After Baldwin (as Trump) demurred on the topic of white supremacy, Carrey produced a remote control and paused Baldwin in midsentence. “Sorry, but I think we all needed a break,” Carrey said. “Isn’t that satisfying?”
Speaking directly to the camera, Carrey added: “You can trust me. Because I believe in science and karma. Now, just imagine if science and karma could somehow team up to send us all a message about how dangerous this virus can be.”
He looked over his shoulder at Baldwin, then continued: “I’m not saying I want it to happen. Just imagine if it did.”
Before he, Baldwin and Rudolph ended the sketch, Carrey’s Biden introduced his own campaign slogan: “Make America Actively Not on Fire Again.”
Opening Monologue of the Week
Rock, the stand-up star and “S.N.L.” alumnus, wasted no time in addressing what he called the elephant in the room: “President Trump’s in the hospital, from Covid,” he said, “and I just want to say, my heart goes out to Covid.” He added that this was a unique show for “S.N.L.” and that, like everyone around him, he had been tested frequently.
“I haven’t had so much stuff up my nose since I shared a dressing room with Chris Farley,” he said.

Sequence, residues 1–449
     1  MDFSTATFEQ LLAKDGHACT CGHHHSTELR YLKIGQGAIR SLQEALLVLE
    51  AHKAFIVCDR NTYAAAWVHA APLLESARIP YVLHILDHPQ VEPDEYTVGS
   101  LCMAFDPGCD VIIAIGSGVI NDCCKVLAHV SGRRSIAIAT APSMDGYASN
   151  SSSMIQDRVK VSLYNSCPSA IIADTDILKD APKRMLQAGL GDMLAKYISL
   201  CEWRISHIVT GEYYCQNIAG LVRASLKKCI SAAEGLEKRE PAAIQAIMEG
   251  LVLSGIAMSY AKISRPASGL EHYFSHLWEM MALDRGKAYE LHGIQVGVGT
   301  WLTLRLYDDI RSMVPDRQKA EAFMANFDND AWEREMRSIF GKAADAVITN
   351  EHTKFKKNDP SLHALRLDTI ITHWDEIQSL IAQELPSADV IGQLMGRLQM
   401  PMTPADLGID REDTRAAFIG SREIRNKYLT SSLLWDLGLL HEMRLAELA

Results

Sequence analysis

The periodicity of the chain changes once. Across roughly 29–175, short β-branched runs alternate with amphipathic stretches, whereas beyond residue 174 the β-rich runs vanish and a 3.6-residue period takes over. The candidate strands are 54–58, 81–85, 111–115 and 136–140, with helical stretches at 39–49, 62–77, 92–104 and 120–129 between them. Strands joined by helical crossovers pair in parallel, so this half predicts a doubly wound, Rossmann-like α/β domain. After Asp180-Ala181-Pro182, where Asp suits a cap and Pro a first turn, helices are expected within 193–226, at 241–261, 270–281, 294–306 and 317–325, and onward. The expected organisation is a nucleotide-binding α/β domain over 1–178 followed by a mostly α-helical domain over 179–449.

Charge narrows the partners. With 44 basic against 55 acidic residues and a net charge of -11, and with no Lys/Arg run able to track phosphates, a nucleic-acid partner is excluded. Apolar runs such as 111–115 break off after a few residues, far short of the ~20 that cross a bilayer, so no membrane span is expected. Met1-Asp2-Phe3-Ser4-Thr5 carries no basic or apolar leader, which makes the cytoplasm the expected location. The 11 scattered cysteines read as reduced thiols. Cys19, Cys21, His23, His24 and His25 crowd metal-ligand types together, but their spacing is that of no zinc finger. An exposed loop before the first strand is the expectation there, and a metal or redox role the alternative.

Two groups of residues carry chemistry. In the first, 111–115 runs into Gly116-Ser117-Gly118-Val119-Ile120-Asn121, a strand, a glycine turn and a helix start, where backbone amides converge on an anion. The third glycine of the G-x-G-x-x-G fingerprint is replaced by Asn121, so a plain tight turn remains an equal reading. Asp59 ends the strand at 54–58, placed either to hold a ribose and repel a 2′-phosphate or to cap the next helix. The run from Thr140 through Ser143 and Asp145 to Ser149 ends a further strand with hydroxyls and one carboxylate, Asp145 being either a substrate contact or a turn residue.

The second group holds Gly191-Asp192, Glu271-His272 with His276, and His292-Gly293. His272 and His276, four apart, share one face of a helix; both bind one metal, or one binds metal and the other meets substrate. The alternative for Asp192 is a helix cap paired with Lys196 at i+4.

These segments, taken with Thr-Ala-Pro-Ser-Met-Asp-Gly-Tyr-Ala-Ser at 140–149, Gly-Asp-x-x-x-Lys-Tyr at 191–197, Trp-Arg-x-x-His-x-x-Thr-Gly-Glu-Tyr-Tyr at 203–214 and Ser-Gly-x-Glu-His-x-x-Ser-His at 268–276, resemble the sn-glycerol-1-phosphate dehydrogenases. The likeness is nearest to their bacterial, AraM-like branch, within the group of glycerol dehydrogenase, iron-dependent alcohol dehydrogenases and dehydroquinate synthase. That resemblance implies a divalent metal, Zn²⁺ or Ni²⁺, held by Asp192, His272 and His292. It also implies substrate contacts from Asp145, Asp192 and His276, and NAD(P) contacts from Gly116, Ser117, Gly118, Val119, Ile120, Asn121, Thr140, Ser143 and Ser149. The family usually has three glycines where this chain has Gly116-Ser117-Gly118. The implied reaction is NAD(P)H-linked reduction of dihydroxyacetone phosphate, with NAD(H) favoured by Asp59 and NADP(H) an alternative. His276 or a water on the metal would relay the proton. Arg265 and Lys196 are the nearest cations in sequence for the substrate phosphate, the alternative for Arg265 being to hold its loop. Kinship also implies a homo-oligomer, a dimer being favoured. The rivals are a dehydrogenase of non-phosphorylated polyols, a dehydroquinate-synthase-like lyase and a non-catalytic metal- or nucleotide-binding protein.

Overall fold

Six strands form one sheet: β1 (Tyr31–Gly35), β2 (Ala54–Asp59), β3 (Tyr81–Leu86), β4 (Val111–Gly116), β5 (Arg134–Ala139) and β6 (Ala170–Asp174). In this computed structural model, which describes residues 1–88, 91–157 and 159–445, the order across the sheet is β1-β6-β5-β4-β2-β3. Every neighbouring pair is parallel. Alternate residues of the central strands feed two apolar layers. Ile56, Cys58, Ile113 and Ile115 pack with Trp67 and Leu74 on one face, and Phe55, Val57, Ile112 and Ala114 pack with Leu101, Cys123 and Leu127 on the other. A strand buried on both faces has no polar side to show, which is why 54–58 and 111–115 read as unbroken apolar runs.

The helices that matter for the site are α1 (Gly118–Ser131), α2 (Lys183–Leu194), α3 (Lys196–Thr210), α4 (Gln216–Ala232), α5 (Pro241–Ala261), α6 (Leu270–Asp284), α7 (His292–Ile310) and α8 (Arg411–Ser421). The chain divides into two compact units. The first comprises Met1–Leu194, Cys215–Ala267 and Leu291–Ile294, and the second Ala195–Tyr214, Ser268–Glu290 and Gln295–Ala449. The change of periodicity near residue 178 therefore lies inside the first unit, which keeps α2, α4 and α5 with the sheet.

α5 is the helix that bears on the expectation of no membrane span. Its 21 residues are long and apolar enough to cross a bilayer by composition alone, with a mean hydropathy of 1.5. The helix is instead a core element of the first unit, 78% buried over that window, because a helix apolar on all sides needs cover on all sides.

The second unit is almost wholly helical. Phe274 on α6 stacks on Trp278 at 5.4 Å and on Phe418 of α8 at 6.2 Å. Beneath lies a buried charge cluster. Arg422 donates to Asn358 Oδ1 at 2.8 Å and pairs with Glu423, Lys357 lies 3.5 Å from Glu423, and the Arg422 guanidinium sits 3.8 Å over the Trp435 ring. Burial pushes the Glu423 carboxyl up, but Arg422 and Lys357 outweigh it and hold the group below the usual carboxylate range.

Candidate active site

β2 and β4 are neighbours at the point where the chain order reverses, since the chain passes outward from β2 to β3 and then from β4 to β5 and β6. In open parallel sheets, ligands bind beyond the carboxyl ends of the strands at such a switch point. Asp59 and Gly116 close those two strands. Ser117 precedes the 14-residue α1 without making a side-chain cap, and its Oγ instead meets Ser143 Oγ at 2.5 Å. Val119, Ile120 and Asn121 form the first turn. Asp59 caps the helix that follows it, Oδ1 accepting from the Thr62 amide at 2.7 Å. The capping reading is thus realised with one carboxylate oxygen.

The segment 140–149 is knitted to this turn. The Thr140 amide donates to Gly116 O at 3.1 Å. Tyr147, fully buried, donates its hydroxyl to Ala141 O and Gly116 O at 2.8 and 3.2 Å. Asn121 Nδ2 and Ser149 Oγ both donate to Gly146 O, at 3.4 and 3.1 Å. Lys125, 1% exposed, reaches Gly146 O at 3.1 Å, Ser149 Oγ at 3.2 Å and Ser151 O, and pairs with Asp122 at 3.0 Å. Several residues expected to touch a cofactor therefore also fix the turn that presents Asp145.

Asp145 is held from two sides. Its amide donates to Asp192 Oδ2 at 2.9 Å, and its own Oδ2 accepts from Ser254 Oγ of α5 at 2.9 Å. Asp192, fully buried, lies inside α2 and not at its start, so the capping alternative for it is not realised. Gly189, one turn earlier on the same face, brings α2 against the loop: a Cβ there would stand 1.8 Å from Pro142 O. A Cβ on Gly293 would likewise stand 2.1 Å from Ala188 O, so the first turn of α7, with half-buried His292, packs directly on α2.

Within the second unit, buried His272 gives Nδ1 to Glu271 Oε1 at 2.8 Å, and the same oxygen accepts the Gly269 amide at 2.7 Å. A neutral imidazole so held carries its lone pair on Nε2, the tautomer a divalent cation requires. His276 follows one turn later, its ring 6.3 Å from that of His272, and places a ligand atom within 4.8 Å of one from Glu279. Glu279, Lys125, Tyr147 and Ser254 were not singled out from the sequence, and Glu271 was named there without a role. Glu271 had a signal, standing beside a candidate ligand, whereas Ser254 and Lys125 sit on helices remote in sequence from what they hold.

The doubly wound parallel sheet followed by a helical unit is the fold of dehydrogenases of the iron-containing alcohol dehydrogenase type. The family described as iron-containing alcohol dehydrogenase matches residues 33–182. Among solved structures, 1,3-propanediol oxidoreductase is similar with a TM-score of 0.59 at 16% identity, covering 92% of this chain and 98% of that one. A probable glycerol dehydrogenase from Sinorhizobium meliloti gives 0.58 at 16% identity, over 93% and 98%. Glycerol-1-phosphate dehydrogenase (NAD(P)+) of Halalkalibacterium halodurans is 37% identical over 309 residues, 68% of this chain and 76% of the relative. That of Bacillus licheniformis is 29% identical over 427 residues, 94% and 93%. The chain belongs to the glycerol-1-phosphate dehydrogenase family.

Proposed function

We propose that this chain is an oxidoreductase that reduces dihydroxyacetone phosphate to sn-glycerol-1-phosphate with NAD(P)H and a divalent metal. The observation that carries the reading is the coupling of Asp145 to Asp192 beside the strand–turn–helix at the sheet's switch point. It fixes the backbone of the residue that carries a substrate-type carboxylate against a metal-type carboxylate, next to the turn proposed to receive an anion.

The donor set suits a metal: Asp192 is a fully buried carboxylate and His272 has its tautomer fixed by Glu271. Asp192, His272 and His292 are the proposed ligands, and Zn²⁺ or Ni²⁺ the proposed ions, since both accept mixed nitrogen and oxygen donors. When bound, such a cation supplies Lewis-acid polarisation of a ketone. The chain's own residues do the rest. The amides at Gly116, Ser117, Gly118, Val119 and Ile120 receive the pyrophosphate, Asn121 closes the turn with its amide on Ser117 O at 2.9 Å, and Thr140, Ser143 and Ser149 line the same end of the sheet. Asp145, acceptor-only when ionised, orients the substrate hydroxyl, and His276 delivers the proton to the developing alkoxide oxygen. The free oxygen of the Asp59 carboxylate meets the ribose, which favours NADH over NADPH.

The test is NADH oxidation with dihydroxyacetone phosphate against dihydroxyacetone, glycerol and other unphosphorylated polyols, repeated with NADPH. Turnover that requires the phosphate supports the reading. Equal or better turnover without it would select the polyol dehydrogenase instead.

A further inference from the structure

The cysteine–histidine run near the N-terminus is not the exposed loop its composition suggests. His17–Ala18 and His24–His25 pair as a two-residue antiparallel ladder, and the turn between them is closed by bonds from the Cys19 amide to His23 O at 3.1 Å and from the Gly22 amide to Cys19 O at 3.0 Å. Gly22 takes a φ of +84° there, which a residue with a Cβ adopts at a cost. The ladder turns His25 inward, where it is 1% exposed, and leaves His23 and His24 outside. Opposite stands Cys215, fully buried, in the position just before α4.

Pointing out members of the “S.N.L.” studio audience that he described as first responders, Rock said, “They’re so good, we let people die tonight so they could see a good show.”
Assuming that Biden would be elected, Rock said that he should be America’s last president ever and that a new system of government should be instituted after him. “What job do you have for four years, no matter what?” Rock asked. “If you hired a cook and he was making people vomit every day, do you sit there and go, ‘Well, he’s got a four-year deal; we’ve just got to vomit for four more years’?”
More sincerely, Rock concluded his monologue with a quotation from James Baldwin: “‘Not everything that is faced can be changed,’” he said, “‘but nothing can be changed until it is faced.’”
Musical Number of the Week